One year before Star Wars dented the broad public conception of science fiction with unprecedented force, Nic Roeg’s The Man Who Fell to Earth plowed a very different furrow. Based upon a very literary novel, by Walter Tevis, it was a very cinematic work, by some of the 1970s most belligerent image makers.
The story is simple, but elliptical. We meet Thomas Jerome Newton, a stranger in the strange lands of New Mexico. He’s an alien, and a family man come to Earth to do business, make money, and somehow save the lives of his kin. At the time the film was shooting, there was no better casting for an inscrutable, aloof but hypnotic alien figure than David Bowie, herein making his motion picture debut.
There still isn’t.
This is not the most kaleidoscopic of Roeg’s films, because that would be Performance; nor is it the most gripping, because that would be Don’t Look Now; neither is it the most affecting, because that would be Bad Timing; but it is, perhaps, his most inescapable and dreamlike. It’s also, alongside Eureka, his most overtly satirical, and the obvious threads of social commentary, most of them assaults on the effects of corporate life and industry, are helpful to hang on to when the plot, not to mention the more experimental excesses of the filmmaking, take some idiosyncratic turns.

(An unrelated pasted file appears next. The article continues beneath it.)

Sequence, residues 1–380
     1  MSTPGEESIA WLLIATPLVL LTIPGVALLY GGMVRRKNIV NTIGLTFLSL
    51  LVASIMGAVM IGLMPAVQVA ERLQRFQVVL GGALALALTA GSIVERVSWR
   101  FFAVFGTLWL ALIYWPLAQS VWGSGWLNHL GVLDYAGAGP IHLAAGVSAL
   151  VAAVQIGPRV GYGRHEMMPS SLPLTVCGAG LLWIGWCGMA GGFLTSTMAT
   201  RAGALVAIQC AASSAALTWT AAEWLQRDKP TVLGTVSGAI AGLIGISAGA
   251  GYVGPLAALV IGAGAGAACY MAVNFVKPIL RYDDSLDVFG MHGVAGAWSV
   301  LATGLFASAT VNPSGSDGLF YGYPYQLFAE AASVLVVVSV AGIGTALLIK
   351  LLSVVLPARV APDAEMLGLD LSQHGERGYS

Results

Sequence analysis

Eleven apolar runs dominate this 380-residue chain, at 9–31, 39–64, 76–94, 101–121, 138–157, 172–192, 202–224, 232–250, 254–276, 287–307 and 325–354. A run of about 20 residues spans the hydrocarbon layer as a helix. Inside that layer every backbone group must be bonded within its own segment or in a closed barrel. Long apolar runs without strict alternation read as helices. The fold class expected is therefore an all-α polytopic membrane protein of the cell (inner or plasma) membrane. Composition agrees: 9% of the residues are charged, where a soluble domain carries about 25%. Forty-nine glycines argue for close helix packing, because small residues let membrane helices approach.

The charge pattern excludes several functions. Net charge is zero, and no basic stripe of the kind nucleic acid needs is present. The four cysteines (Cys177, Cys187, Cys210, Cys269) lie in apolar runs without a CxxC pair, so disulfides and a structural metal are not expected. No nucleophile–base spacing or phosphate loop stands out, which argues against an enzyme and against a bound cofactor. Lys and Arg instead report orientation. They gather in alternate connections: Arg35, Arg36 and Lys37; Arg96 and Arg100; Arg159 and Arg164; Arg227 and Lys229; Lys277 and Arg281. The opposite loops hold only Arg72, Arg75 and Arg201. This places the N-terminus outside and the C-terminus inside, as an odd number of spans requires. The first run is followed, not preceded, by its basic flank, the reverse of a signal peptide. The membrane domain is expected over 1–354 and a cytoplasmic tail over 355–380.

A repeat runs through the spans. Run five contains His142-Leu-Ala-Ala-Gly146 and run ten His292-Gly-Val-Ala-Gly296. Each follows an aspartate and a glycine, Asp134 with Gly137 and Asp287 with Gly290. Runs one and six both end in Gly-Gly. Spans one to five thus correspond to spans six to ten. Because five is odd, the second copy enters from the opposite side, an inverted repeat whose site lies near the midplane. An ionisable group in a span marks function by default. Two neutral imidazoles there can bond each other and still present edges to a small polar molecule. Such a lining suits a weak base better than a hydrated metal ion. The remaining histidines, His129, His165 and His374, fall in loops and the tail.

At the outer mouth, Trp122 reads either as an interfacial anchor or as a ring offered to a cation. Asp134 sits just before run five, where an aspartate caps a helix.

Bowie himself is both at home in the film’s 1970s architecture and costumes, roaming amidst the iconography he was so adroitly juggling in his day job as a pop icon, and also in stark contrast to its general level of ugliness. It’s like Bowie and the lighting and framing against the world, and the resulting aesthetic fracas is astonishing to behold.
Optimum’s new Blu-ray apparently marks the film’s 35th anniversary. I’d say five year intervals are about as deep as this “anniversary edition” marketing hook can be pushed, but I’m still waiting for a distributor to try a “43rd” or “26th” stunt at some point. It features a very nice new transfer that respects the original print so much that there’s the odd trace of material damage, rather than any overly-smoothed off digital airbrushing. Many films of the 70s, and before, will look a little soft under the razor-ready gaze of Blu-ray, and this is a great example. For better or worse – and I’d argue better – it seems to me that we’re getting the film preserved with extreme accuracy here.
The Blu-ray includes a ten year old documentary, Watching the Alien, ported over from DVD, and some interviews with the director Nic Roeg, actress Candy Clark, screenwriter Paul Mayersberg and cinematographer Tony Richmond. All are worth your time, particularly before a second or third screening of the film, and especially then if you feel like some study notes would be of use.
Many do. The film should reward your efforts, however.
Completely absent from the supplements is Mr. Bowie. Should you wish to hear his thoughts and feelings on the film, your best option would be the Criterion Blu-ray, which holds a 1992 laser disc commentary track with Bowie and Roeg in conversation. That disc is Region A locked, however, so non-American readers be warned.
And, similarly, American readers should be warned that Optimum’s disc is locked to Region B.